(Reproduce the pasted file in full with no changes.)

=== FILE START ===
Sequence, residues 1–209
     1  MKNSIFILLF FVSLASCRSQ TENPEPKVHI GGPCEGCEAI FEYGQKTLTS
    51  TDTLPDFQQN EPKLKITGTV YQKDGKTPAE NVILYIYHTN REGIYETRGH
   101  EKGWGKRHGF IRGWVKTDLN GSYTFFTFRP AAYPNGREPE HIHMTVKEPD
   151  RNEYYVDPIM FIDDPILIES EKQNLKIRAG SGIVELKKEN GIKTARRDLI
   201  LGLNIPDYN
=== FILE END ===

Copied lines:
Sequence, residues 1–209
     1  MKNSIFILLF FVSLASCRSQ TENPEPKVHI GGPCEGCEAI FEYGQKTLTS
    51  TDTLPDFQQN EPKLKITGTV YQKDGKTPAE NVILYIYHTN REGIYETRGH
   101  EKGWGKRHGF IRGWVKTDLN GSYTFFTFRP AAYPNGREPE HIHMTVKEPD
   151  RNEYYVDPIM FIDDPILIES EKQNLKIRAG SGIVELKKEN GIKTARRDLI
   201  LGLNIPDYN